Thallon - A quiet place to rest....

Thallon is situated south of St.George on the Carnarvon Highway,  north of Mungindi and east of Dirranbandi.

Thallon is the base for one of the larger grain receival depots in southern Queensland.

Grazing of cattle and sheep, wool growing, broadacre farming and irrigated cotton are all industries of the district

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Francis Hotel in Pine Street
Named after Harold Francis, one of the early licensees, the hotel stands metres of the busy highway waiting to satiate your appetite for food and local history.  Serving barista made espresso coffee. View the collection of images of the local region in the Dining Room Gallery.

Write a Postcard and send to your family and friends at the Post Office within the Pub.
Stock up on information to keep your travelling at the Tourist Information stand or if you arrive later in the day, Hotel Francis offers Accommodation and "Real Deal" meals. The General Store is located within the Pub with fresh groceries and Locally Produced Eggs.

For more information on Thallon check out the Balonne Shire link here

Small Town Culture:

The colourful kids of Thallon

 

Try your luck fishing along the banks of the Moonie River. Or just bring a good book and chair to enjoy the unspoilt setting. 
 
The Thallon Amateur Fishing Club hosts an annual competition in March. They work with the Queensland Murray Darling Commission to reduce carp numbers.

Thallon fields a competitive Cricket Team “Thallon Daymar”,  bringing cricket games to Thallon over the summer.

 


Thursday Night Social Tennis is held at the Courts. 

The Thallon Progress Association meets on the first Tuesday of the month. Details available from the Post Office.

The DaymarThallon Branch of Queensland Country Women’s Association (QCWA) meets monthly on the 2nd Wednesday of the Month.  Visitors are invited to join them @ the CWA building in William Street for a cuppa from 9.30am.



Thallon Recreational Grounds -  Next to the giant grain silos, you will find the relaxed camping area of the Thallon Recreational Grounds, which includes toilets and showers. For those looking for some comforts, there is power available by contacting Thallon's Town Officer on 0427 259 095.


History- First mention of the Thallon district was made by Sir Thomas Mitchell in his diary, when he was held up by floodwaters on a sandridge by the Moonie River in 1846. At this site, a bloodwood tree where Mitchell carved his survey initials still stands today.

  



Another place of historical significance in the Thallon area is Bullamon homestead. Built in the 1860’s and it still retains its original shingle roof, slab log walls and remains of Chinese gardens. It was part of a huge station that at its peak covered over 3,102,023 acres. The word “Bullamon” is an aboriginal work meaning “largest waterhole”. The homestead was an early Cobb & Co. change-over station and appears in Steele Rudds story “The Memoirs of Corporal Kelly”.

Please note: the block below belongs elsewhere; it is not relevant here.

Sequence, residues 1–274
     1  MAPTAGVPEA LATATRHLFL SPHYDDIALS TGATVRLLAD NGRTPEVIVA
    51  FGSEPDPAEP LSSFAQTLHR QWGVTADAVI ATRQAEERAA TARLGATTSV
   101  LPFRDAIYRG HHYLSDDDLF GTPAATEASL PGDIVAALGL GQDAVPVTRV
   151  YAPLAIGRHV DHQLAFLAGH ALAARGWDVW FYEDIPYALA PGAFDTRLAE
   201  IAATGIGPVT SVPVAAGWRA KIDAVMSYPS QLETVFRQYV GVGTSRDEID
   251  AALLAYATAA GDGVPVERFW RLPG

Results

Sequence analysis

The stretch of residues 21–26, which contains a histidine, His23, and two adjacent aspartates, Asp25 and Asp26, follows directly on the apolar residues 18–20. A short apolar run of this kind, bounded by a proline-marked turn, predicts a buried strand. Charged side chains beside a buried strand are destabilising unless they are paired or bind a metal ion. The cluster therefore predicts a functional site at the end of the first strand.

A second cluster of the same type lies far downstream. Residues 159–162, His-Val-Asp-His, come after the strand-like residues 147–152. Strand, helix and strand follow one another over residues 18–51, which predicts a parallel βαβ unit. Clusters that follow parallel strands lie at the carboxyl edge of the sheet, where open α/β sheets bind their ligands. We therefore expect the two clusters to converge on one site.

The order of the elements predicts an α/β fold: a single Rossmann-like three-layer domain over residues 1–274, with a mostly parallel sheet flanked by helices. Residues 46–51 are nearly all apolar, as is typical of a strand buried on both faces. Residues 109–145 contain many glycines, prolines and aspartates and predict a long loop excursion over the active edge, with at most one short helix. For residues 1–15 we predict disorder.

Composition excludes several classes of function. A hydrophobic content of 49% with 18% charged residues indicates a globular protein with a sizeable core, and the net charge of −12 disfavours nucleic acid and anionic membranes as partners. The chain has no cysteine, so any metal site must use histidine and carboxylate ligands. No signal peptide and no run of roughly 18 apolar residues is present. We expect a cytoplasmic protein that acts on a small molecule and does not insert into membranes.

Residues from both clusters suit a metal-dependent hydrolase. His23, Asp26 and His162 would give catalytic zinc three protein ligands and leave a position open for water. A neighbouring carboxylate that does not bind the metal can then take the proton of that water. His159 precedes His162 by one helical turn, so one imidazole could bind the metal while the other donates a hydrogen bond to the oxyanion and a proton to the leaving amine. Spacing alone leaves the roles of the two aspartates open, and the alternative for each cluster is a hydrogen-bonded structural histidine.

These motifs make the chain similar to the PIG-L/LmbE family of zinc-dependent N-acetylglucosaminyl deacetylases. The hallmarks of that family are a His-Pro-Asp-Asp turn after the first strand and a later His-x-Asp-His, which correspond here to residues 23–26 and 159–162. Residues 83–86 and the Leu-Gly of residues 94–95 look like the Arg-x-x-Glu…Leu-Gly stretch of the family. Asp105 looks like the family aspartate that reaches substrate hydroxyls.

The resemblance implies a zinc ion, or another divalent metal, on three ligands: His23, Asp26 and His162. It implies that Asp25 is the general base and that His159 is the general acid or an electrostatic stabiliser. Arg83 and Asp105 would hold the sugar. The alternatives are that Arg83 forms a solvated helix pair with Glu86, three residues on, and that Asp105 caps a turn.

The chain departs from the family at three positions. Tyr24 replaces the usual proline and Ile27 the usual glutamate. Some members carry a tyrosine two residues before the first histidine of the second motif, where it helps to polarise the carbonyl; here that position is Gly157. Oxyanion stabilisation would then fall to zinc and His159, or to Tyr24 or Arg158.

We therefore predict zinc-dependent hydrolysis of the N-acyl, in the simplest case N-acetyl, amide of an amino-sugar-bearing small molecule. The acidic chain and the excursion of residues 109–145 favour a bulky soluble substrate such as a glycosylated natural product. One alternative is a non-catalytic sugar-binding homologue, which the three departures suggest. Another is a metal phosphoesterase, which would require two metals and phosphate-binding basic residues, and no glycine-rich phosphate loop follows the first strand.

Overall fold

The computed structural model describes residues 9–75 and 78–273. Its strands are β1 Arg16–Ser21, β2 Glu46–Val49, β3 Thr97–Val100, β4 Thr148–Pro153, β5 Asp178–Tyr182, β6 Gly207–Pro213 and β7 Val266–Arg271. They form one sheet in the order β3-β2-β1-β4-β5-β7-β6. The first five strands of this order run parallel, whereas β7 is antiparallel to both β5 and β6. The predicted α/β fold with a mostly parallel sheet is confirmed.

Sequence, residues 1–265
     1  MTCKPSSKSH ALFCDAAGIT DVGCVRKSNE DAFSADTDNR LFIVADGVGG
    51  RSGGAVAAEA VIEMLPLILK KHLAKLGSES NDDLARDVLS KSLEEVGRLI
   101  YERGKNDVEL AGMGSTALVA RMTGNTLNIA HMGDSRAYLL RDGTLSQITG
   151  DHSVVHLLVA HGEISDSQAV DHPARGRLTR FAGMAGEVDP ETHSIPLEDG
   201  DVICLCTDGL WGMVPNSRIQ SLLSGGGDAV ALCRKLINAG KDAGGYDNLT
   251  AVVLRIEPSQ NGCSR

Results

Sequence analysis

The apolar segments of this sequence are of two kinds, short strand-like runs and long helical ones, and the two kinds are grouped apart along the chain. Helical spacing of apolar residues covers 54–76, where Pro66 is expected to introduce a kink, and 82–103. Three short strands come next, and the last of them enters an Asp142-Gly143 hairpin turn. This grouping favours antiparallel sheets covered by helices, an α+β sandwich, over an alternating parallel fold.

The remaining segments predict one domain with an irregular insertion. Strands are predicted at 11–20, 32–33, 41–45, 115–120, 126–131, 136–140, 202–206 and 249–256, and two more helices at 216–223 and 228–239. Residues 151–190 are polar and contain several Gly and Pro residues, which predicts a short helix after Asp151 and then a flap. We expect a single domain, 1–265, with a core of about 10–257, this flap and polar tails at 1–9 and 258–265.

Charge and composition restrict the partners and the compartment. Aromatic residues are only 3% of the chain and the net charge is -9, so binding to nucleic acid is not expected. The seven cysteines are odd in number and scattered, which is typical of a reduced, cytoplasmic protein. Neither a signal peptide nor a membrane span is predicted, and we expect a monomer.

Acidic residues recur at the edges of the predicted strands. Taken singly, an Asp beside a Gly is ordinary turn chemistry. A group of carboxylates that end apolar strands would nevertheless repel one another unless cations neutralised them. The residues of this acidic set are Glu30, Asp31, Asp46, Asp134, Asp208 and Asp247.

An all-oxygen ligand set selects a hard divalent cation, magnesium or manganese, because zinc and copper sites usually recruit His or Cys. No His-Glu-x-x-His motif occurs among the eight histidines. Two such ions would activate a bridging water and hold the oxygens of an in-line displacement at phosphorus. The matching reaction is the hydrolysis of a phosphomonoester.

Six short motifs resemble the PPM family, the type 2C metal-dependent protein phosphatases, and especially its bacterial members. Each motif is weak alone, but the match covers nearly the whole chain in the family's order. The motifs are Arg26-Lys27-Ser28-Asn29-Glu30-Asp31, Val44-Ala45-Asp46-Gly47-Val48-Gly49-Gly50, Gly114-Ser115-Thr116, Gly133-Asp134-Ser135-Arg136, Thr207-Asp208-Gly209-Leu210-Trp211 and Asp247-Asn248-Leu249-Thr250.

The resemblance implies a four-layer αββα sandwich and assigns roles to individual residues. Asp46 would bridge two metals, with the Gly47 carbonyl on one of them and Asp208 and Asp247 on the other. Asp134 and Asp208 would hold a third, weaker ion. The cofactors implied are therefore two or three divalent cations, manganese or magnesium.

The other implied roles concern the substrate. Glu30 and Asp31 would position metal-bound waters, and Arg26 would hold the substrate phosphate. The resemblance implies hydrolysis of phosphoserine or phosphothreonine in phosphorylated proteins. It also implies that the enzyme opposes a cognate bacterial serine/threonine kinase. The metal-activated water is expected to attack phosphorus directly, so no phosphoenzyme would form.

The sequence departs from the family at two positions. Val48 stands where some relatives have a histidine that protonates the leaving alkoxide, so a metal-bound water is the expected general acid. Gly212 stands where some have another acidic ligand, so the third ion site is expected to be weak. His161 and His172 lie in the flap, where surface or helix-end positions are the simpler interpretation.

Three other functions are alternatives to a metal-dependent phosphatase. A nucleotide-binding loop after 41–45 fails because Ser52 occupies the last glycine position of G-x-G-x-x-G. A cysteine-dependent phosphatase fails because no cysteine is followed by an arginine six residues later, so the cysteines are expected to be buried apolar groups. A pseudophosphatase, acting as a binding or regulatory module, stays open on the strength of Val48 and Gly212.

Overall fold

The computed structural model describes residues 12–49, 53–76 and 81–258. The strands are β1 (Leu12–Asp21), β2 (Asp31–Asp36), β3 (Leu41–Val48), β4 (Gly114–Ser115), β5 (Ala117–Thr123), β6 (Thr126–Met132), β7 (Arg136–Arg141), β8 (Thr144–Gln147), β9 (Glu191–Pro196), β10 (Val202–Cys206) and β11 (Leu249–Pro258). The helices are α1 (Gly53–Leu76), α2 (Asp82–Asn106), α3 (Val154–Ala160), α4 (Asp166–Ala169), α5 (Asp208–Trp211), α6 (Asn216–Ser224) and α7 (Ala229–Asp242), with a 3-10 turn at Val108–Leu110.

References to the Moonie River made in 1846 indicated that points between Nindigully and Dareel are the oldest land settlements within the shire of Balonne. 

 


 
 In 1911, the St.George Progress Association asked the Minister for Lands to resume “Bullamon” for closer settlement and 780 acres were gazetted as a town reserve. Development followed with stores opened and a hotel was built to cater for the employees of the railway line which had arrived from Talwood. The town was named after the Commissioner for Railways, Mr J.F. Thallon. 



The first school in Thallon was set up in a tent in August 1911; known as the Bullamon Provisional School. In August 1912, the Department of Education renamed it as Thallon School and by 1913 a school building had been erected.

Two interesting murals exist at the school. Other murals are on Gates at the Recreation Grounds.

The South Western Railway line reached the Moonie River in 1911 and was officially opened on 2nd October that year.
Diesel locomotives replaced steam trains in 1967. Historical steam trains occasionally travel on the line.
Today the rail only carries grain from the receival depot at Thallon to Brisbane. 

    


Grain production in the Thallon area began in earnest in the late 1960’s. The Wheat Board built its first permanent storage facilities in 1969.
Eight years later the initial two concrete silos were constructed, each with a capacity of 2,750 tonnes with two additional concrete silos built in 1982.
In 2013, a second grain receival depot commenced construction on the northern side of Thallon, increasing the regions grain storage capacity. 




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